Journal for the Study of Religion, Nature and Culture, Vol 6, No 2 (2012)

Religion, Disaster, and Colonial Power in the Spanish Philippines in the Sixteenth to Seventeenth Centuries

Alvin Almendrala Camba
Issued Date: 6 Jul 2012


In the field of disaster studies, scholars have focused on the social construction of disasters in various historical periods, but they have not attended to the ways in which these social constructions were differentiated within the same period. During the Spanish colonization of the Philippines in the sixteenth to the seventeenth centuries, two types of disaster discourses existed. In ‘internal cases’, where Spanish elites had to deal with one another over issues of distribution of power, decision making capacity, and the allocation of resources, there were multiple and competing constructions of disasters. Conversely, in ‘external cases’, where the Spanish elites had to deal mainly with the ‘other’ (Filipinos) over issues such as colonization and Christianization, there was a convergence in the constructions of disasters, which facilitated conquest and the consolidation of power for the Spanish Crown. The act of interpreting disaster was intimately tied with the legitimation and exercise of power.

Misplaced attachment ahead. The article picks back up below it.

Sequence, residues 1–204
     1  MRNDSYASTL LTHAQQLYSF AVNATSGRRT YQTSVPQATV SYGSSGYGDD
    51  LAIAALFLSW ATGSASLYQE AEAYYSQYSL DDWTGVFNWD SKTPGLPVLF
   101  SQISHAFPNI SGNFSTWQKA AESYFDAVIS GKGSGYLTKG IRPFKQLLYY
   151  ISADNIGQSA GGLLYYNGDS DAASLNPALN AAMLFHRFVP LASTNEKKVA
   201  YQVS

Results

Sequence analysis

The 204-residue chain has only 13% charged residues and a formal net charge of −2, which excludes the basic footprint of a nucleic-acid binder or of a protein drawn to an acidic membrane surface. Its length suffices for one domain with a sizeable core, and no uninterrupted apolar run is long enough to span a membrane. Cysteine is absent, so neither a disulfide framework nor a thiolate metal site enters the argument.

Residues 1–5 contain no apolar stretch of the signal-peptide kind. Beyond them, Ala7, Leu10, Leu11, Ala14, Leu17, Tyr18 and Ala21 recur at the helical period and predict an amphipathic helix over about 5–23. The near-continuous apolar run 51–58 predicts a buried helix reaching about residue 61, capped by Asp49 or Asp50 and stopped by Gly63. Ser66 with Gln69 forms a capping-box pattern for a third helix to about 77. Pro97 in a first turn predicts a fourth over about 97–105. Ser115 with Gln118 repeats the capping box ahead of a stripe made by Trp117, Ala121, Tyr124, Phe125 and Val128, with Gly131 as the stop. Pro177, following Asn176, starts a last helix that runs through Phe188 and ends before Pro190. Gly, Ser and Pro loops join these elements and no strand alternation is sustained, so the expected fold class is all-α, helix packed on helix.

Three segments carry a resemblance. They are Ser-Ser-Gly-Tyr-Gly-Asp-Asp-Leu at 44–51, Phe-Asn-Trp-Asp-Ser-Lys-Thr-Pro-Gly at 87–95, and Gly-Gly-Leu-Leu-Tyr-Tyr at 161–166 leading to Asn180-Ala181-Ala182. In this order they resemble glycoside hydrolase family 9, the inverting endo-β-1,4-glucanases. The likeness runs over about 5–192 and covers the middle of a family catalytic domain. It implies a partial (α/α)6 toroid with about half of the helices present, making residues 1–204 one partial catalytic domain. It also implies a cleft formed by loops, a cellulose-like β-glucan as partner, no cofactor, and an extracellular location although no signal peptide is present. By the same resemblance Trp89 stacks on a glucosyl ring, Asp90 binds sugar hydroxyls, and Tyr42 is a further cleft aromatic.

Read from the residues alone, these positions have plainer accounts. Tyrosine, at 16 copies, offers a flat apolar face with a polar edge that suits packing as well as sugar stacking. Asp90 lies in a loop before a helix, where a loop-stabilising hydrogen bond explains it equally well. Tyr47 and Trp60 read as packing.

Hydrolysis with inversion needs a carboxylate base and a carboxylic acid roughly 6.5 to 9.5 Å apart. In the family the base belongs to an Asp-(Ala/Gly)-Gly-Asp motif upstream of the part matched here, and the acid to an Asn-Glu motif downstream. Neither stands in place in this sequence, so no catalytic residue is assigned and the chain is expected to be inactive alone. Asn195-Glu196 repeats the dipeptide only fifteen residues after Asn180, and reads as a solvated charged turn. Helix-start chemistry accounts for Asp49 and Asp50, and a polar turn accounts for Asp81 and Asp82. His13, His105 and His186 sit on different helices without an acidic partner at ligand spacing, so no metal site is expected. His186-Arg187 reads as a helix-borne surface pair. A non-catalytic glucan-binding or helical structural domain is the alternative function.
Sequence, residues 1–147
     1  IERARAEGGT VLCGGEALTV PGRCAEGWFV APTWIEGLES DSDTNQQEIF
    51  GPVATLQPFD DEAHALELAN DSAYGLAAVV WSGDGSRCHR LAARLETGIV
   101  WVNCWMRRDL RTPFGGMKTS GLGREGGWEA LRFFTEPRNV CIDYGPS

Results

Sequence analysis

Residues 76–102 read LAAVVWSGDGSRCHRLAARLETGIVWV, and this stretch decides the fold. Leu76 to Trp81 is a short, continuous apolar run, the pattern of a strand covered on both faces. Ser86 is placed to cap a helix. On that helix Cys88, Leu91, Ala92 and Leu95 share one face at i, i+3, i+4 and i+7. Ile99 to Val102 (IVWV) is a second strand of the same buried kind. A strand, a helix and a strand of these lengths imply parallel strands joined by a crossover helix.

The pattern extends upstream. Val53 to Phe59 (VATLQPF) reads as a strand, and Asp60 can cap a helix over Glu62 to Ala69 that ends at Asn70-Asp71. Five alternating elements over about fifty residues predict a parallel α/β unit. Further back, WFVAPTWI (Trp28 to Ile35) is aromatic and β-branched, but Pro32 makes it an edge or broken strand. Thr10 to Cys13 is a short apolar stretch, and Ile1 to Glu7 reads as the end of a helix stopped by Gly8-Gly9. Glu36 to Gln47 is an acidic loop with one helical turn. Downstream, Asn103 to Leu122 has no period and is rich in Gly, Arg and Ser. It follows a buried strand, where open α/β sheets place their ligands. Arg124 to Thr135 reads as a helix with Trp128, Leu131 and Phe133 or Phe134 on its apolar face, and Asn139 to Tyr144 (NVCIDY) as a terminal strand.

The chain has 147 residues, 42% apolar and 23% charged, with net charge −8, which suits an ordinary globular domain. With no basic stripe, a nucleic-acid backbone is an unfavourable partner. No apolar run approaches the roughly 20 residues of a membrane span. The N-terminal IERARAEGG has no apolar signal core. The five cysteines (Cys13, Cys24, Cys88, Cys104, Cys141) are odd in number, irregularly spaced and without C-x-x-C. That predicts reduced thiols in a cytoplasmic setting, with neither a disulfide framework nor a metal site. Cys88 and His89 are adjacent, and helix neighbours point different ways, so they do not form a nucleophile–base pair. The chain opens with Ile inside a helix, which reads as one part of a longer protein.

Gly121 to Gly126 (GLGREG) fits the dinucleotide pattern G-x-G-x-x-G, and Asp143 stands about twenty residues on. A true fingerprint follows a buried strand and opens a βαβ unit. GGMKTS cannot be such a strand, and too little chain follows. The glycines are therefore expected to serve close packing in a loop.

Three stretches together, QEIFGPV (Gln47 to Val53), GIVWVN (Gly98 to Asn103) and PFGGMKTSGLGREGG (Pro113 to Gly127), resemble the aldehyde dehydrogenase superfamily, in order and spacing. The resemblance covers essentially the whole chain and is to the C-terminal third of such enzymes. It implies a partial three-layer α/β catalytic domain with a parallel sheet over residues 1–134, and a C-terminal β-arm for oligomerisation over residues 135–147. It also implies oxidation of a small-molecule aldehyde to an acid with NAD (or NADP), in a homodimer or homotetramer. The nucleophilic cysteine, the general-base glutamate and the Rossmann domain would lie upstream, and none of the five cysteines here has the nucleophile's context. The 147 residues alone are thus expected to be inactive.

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DOI: 10.1558/jsrnc.v6i2.215


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